Several of the more important of these principalities had in turn invoked the aid of their powerful Transalpine neighbors, France, Germany, and Spain, who in their turn had invaded, pillaged, and devastated Italy from one end to the other. The woes inflicted upon Italy by these foreign invasions were the cause of intense grief and mortification to Machiavelli; who, enthusiastic admirer of the ancient Romans that he was, could never forget the power wielded by Rome of old, when, exercising the concentrated sovereignty of all Italy, and with armies of her own, she had made herself the mistress of the world. He witnessed with shame and humiliation the degeneracy and helplessness of his country, and clearly saw the causes of it. It was this that made him the unceasing advocate of the union of all Italy, of the establishment of national armies, instead of the uncertain employment of the venal Condottieri, and of the expulsion of the detested foreigners from the soil of Italy. Machiavelli was a sincere republican and a true lover of liberty; but for the sake of a united Italy, with well-trained national armies, strong enough to protect her against the periodical inundations of Northern barbarians, he was willing to give up his cherished republican form of government, and accept the one man power of a prince, though he was a Medici. Thence that passionately eloquent appeal to Lorenzo de’ Medici, to play the part of the long hoped for deliverer, with which Machiavelli thus closes his much debated treatise of “The Prince”: —
“You must not, then, allow this opportunity to pass, so that Italy, after waiting so long, may at last see her deliverer appear. Nor can I possibly express with what affection he would be received in all those provinces that have suffered so long from this inundation of foreign foes! — with what thirst for vengeance, with what persistent faith, with what devotion, and with what tears! What door would be closed to him? Who would refuse him obedience? What envy would dare oppose him? What Italian would refuse him homage? This barbarous dominion of the foreigner offends the very nostrils of everybody.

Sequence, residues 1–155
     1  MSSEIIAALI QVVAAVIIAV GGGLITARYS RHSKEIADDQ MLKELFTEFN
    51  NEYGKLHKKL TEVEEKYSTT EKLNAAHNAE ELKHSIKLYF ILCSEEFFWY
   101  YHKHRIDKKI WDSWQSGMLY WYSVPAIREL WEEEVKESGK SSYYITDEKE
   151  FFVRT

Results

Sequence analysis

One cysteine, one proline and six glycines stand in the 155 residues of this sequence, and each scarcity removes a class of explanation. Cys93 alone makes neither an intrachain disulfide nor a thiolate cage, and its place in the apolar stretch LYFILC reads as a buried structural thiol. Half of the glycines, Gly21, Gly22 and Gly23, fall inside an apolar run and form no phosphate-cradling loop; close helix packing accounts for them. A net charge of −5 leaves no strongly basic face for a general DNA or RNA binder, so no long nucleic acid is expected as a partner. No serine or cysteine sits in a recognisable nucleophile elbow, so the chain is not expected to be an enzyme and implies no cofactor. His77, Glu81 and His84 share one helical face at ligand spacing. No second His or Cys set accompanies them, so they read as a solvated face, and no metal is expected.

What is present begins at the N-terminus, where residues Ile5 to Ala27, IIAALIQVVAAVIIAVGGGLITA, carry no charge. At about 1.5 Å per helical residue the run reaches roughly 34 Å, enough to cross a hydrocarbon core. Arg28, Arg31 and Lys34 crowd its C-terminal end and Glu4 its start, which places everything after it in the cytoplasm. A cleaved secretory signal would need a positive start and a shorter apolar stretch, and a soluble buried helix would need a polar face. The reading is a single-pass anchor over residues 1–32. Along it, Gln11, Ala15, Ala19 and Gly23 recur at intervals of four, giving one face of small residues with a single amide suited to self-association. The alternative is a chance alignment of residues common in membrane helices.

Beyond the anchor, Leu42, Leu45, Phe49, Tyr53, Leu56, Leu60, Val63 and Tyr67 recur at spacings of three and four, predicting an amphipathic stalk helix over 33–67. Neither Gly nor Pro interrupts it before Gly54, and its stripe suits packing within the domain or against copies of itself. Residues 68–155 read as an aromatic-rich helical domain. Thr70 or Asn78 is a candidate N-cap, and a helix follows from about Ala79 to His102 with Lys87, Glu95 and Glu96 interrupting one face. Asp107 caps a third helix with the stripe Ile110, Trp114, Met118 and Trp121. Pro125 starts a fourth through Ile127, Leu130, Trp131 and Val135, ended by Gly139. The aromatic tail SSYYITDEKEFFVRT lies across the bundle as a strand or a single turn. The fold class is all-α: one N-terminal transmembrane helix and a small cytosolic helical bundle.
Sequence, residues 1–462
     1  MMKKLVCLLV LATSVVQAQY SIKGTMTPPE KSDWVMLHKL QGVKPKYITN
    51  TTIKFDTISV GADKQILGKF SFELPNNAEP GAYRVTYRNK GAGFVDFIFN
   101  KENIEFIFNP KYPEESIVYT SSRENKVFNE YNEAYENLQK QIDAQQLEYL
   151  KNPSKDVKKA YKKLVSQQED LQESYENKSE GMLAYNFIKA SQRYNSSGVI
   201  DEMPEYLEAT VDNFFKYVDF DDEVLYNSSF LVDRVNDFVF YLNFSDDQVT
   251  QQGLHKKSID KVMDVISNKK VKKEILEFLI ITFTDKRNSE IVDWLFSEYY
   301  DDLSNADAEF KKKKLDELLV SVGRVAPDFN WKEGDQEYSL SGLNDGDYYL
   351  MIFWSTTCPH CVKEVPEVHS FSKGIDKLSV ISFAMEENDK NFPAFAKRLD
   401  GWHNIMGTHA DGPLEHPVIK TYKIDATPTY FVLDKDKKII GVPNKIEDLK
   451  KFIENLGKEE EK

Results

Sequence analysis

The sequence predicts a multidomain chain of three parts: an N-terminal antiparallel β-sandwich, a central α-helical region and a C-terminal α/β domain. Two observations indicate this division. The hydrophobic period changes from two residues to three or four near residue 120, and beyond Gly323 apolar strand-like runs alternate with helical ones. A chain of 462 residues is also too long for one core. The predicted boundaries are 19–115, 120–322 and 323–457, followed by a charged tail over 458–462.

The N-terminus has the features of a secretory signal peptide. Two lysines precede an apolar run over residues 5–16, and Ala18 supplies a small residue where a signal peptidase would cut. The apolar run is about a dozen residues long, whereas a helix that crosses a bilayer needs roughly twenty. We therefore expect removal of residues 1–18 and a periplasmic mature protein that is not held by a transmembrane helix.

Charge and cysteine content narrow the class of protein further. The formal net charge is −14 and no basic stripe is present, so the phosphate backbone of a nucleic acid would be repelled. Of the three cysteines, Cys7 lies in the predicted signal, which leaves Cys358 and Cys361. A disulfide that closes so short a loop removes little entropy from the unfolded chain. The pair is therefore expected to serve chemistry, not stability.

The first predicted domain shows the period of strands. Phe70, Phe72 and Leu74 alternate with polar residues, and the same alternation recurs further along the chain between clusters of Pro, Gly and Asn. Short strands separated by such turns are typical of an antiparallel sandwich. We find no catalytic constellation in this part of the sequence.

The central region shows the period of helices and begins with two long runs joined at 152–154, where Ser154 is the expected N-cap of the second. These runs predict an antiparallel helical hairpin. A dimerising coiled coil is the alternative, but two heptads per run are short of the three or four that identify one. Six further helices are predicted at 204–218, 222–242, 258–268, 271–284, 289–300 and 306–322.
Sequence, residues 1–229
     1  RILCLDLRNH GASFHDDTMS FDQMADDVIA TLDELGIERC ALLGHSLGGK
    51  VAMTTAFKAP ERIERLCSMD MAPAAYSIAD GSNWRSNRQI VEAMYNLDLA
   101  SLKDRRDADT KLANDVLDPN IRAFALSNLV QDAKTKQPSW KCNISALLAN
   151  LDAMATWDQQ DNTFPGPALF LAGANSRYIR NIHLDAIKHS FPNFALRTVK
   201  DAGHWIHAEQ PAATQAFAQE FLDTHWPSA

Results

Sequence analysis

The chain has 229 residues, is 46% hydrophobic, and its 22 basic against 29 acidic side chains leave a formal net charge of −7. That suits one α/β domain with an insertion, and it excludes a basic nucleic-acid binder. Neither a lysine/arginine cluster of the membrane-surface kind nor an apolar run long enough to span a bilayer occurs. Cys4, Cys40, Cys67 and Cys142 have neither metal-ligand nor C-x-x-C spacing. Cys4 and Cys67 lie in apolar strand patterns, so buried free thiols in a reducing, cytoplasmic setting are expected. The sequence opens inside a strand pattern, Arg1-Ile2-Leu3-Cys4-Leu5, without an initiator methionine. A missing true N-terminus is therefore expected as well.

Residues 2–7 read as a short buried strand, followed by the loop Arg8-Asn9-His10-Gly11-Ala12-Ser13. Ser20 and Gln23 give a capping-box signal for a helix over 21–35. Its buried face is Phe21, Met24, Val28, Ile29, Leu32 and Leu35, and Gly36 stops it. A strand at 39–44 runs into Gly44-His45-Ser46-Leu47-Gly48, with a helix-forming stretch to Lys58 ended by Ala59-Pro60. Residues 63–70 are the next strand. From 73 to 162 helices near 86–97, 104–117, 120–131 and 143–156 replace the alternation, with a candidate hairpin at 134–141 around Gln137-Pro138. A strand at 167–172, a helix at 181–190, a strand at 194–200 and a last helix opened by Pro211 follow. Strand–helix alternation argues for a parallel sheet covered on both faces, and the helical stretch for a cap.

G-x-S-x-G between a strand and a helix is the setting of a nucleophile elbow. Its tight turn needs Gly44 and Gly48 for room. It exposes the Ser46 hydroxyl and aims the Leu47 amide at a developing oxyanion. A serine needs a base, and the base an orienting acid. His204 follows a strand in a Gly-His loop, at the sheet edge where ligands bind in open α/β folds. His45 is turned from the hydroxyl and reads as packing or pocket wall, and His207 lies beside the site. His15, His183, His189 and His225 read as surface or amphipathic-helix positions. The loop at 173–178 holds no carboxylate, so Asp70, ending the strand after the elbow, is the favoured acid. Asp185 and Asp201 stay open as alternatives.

“Let your illustrious house, then, assume this task with that courage and hopefulness which every just enterprise inspires; so that under your banner our country may recover its ancient fame, and under your auspices may be verified the words of Petrarca: —
In fact, Machiavelli felt with regard to the union of Italy very much as President Lincoln did during the Secession war, when he said, with reference to the United States, “My paramount object is to save the Union, and not either to save or to destroy slavery.”